Beach Balls and the Sexual Revolution

It’s no secret that sexual mores have changed radically over the past few decades in America (and beyond). Certain commonsense and natural beliefs about the purpose and nature of sex and marriage have been uprooted.

Given the increase in abortion since Roe vs. Wade, our cultural addiction to pornography, and the ubiquity of broken marriages, many people are rightly asking how we can bring sanity back to the conversation.

I certainly don’t have the “secret sauce” to transform our entire culture. But I do have one tactic that, for the sake of the next generation, we should be utilizing at every turn. Simply put, we need to show how the ideas of the sexual revolution bump up against reality. In other words, the ideas behind the sexual revolution simply don’t match up with human sexuality. Proponents of the sexual revolution propagate ideas, but reality pushes back.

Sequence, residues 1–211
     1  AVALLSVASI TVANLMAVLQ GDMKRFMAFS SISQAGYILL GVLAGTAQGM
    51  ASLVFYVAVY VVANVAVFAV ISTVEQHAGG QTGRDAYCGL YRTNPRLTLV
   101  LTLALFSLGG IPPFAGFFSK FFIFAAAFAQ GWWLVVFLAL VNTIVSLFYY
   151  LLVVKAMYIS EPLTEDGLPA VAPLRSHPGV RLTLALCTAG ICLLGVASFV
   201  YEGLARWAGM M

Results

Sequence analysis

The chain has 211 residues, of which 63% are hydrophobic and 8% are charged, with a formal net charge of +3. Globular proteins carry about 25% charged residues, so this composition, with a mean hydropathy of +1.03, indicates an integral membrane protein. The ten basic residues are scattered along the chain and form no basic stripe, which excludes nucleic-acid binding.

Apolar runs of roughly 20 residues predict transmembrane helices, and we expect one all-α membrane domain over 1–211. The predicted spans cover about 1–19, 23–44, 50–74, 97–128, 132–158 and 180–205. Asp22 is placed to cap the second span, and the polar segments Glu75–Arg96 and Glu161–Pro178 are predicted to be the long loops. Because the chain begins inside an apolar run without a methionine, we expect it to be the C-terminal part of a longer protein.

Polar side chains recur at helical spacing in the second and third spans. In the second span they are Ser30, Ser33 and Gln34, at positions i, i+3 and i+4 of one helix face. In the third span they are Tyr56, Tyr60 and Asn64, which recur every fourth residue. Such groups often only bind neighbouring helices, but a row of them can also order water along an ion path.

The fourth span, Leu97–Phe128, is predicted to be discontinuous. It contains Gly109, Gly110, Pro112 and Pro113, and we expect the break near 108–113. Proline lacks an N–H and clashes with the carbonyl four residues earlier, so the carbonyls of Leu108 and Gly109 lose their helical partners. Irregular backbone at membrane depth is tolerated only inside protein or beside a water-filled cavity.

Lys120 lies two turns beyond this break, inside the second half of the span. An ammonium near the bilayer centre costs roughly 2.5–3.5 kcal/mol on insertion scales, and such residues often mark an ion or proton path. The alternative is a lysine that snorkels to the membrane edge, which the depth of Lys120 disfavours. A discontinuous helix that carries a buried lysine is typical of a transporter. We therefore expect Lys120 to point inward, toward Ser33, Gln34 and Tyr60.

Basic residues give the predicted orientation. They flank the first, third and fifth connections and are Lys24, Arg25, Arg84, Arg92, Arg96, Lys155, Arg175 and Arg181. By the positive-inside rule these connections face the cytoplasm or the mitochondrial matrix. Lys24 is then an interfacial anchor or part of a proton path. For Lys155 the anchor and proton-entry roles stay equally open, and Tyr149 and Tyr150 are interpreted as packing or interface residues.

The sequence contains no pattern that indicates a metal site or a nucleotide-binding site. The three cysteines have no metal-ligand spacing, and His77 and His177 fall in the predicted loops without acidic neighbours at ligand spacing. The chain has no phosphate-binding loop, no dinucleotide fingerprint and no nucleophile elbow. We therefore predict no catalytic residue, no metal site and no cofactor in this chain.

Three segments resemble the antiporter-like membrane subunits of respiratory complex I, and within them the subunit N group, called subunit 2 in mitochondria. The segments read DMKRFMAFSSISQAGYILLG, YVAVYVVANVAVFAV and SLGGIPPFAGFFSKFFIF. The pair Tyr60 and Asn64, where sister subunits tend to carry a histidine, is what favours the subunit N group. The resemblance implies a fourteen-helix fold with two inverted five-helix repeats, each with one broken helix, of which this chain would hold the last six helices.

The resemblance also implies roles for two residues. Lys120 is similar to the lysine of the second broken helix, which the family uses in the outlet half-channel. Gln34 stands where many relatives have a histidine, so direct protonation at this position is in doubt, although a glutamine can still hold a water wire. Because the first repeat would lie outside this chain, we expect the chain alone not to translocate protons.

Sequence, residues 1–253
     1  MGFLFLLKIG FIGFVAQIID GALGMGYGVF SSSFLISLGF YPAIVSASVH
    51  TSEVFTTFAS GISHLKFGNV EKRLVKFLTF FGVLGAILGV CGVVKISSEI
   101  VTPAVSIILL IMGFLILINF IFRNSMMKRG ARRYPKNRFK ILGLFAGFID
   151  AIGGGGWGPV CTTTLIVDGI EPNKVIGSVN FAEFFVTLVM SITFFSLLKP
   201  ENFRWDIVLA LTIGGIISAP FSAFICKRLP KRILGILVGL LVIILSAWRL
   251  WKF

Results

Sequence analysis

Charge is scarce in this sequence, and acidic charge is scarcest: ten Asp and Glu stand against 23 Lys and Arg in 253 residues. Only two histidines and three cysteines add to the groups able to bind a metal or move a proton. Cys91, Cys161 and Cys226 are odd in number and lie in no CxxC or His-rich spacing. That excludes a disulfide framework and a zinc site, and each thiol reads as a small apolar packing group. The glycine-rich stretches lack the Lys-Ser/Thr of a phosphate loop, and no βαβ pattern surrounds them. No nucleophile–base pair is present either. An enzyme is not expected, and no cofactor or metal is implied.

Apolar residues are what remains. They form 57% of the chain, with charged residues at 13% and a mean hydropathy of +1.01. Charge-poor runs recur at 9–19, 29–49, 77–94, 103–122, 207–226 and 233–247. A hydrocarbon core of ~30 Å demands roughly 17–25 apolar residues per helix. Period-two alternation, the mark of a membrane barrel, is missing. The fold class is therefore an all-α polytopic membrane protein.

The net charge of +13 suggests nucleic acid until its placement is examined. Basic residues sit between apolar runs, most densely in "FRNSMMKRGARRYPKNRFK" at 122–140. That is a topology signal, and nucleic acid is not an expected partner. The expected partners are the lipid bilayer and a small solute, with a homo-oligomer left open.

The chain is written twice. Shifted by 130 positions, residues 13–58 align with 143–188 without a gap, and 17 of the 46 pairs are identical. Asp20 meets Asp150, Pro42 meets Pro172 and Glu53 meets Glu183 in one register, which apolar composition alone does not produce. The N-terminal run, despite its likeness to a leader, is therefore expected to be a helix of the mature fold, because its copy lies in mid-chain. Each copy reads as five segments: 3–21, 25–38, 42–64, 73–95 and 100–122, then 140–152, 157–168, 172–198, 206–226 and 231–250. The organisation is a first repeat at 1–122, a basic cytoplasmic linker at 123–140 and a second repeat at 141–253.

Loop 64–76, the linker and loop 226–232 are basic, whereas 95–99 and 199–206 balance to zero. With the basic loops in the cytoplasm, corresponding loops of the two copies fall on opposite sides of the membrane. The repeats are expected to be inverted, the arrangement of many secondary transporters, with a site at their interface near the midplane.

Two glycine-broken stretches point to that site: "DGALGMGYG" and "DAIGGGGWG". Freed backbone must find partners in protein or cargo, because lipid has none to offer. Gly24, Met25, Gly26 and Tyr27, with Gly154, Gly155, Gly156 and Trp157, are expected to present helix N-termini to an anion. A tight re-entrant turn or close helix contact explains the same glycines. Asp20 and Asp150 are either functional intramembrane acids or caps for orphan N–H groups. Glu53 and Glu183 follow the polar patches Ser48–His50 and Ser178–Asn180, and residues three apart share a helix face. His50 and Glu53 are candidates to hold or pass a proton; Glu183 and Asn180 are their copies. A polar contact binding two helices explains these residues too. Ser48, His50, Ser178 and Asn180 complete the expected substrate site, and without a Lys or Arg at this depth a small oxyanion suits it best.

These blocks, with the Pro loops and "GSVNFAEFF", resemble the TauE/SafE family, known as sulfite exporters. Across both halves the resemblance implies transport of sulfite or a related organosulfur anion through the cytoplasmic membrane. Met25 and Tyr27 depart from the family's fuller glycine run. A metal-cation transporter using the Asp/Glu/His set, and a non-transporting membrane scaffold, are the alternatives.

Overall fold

Beach Balls Sexual Revolution

Think about it this way: What happens if you try to push a beach ball beneath the surface of the water? The answer is obvious—it pops back up! Push it down one direction and it will come up another. The nature of the beach ball is to float to the surface, even when people try to keep it submerged.

The same is true with human sexuality. Proponents of the sexual revolution promote ideas about human nature, but the problem is that the ideas bump up against reality and the truth (like a beach ball) pushes to the surface. Consider two examples.

Sex Is A Big Deal

One of the ideas behind the sexual revolution is that sex is simply a physical act, not unlike any other. It is not about procreation, and it is not sacred. It’s merely a physical act between two people (or more) for pleasure.